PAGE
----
I'm trying to increase the transport of electricity in the tap water I use in my dry cell electrolyser. Table salt is out, as it rusts the stainless steel electrodes and produces toxic gasses. Lye is caustic to skin and mucous membranes but the next best option as the products of the reaction seem to be harmless. Then I thought of water glass (sodium metasilicate) as a solution. It dissolves in water and acts well enough as an electrolyte but less extreme than lye and perhaps more stable. I got an appreciable increase in the production of hydrogen and oxygen in a simple test setup.

So what happens chemically when we use a solution of water and sodium metasilicate and say run 12 volts through it using stainless steel electrodes? Was I creating toxic silanes? What really happened?

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    $\begingroup$ There could be formed silicagel at the anode due local acidification. $\endgroup$
    – Poutnik
    Aug 20, 2023 at 6:09

1 Answer 1


If you're concerned about the safety of caustic $\ce{NaOH}$, sodium metasilicate itself is quite alkaline. From the SDS: "Causes severe skin burns and eye damage." (Though my experience is, it may be so viscous in solution that skin damage does not propagate deeply from brief contact.)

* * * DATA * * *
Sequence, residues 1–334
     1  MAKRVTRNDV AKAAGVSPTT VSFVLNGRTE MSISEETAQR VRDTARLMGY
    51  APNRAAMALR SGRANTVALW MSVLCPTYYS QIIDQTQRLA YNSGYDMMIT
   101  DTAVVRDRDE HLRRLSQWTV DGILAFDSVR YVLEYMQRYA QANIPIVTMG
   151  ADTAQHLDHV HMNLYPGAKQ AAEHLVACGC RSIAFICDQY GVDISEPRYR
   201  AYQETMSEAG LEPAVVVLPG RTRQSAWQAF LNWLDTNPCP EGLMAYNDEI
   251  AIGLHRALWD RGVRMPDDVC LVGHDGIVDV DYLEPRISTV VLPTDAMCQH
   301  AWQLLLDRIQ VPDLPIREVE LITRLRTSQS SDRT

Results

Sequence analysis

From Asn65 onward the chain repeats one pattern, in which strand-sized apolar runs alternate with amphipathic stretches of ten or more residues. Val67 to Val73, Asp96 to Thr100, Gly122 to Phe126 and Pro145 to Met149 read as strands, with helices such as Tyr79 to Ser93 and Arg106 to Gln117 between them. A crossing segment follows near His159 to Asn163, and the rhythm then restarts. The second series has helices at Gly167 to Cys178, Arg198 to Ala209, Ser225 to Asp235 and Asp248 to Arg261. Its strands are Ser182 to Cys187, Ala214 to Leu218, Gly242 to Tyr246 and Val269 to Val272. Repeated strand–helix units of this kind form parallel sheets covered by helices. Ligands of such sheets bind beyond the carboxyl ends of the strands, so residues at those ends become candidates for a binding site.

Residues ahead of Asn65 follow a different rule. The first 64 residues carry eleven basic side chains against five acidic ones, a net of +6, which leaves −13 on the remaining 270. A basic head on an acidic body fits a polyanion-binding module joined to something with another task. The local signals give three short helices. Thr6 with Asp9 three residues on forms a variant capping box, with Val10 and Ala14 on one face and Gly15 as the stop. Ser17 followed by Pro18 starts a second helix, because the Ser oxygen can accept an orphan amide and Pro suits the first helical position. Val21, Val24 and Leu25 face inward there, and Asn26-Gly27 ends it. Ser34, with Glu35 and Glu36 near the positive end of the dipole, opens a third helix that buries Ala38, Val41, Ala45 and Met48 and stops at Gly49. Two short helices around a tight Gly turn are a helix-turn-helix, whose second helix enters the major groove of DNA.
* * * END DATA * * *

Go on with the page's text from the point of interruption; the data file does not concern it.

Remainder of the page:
In addition, if you're passing DC current through it, there will be $\ce{NaOH}$ buildup at the negative electrode, anyway.

As far as silanes, no worry; electrolysis just yields $\ce{SiO3^2-}$ on the positive end, which likely would precipitate silica, eventually.

BTW, you might find this Study on the Electric Conductivity of Sodium Silicate interesting,

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    $\begingroup$ Looking back and considering your knowledge. The anode and cathode were both producing gasses. There seemed to be a fairly decent production of hydrogen gas (very vigorous bubbling, small bubble size) on one terminal, and very little oxygen production. (large bubbles, blurp... blurp...) Probably due to some oxygen being spent in the generation of silicates as you mentioned. These silicates might create a clogging problem in the device itself eventually. The production of lye seems negligable not detrimental. Not sure if this is a superior, equal or inferior electrolyte to be honest. $\endgroup$ Aug 20, 2023 at 7:12
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    $\begingroup$ In the beginning, the electrolysis will be all right. But, after a while, the anodic zone becomes acidic, and non-conducting silica $\ce{SiO2}$ will be precipitated around the anode. The will increase the resistance of the solution. The current will slowly decrease. $\endgroup$
    – Maurice
    Aug 20, 2023 at 12:00
  • $\begingroup$ Also, the viscosity of the solution might hinder ion flow. Still, an interesting experiment. $\endgroup$ Aug 20, 2023 at 17:37
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    $\begingroup$ 12 volts is excessive. current flow should be measured and optimized. My first thoughts are that metasilicate would increase viscosity, hinder ion flow and the increased voltage would destroy the anode. Water glass is oxidized silicia it is not oxidized by O2 $\endgroup$
    – jimchmst
    Aug 20, 2023 at 21:08

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